Our Views: AG probe of location tracking deception warranted
For many, and for good reasons, keeping personal information private is a big deal.
Arizona is leading the way on one area of personal privacy, namely tracking your every movement. Arizona Attorney General Mark Brnovich is investigating “a major tech firm’s” tracking of personal location, travel routes and activities even when consumers think they’ve turned locational sharing off on their cell phones.
The investigations follows the revelation by The Associated Press that Google continues to track these activities even when location sharing is turned off and Brnovich is using private outside lawyers for the work. If brought to court as a consumer protection case, state laws provide for fines of up to $10,000 per violation.
A few million Arizonans could be affected by the case and each could be tracked individually each day, each one a violation, for years. That could create a fine with many, many zeros at the end.
The investigation is fallout from a practice that is practically indefensible, though tech companies such as Google defend location and activity data gathering as meant to personalize and improve service.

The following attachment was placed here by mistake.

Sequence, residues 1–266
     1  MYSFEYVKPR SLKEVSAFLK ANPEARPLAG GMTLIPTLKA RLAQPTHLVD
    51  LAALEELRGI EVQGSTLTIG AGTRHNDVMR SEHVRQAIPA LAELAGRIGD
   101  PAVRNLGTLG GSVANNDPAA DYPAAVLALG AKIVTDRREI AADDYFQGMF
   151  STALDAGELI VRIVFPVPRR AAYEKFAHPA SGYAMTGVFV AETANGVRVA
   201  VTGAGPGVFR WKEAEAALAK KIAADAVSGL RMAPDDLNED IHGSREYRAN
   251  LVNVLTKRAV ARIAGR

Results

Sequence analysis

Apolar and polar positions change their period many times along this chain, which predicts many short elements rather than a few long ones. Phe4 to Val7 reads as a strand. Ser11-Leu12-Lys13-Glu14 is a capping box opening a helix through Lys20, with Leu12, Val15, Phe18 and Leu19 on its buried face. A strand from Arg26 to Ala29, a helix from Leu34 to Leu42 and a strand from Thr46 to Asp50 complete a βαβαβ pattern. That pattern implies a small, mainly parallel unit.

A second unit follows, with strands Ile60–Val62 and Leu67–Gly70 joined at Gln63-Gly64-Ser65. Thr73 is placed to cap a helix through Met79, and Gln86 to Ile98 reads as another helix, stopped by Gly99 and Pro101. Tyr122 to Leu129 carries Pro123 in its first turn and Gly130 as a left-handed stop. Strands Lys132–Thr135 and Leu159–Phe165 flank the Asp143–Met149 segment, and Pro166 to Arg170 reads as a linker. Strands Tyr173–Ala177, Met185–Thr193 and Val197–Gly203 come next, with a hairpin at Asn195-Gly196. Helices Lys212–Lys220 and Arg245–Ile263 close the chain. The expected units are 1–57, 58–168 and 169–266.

Put another way, the practice is intrusive and downright creepy at best. It’s worse considering that smart phone users believe they have control of settings to opt in or not.
So what’s the big deal? One doesn’t have to be paranoid to think that personal data is often sought out and used in many wrong ways. Think of stolen credit information. Think of hacked bank accounts. Think of a bad guy learning your personal travel habits and destinations.
Those who see no problem shouldn’t bother with using passwords or even locking their front doors.
There is also a broader expectation of personal privacy, one that says one minds one’s business and expects the same from others.
That sentiment largely was at the heart of a 2014 proposed law in Arizona that would’ve prohibited the state from cooperating with the National Security Agency’s communication monitoring of U.S. citizens. The bill failed but represented the view of a lot of Arizonans about privacy.
We hope Brnovich can make some of the intrusions stop.
— Today’s News-Herald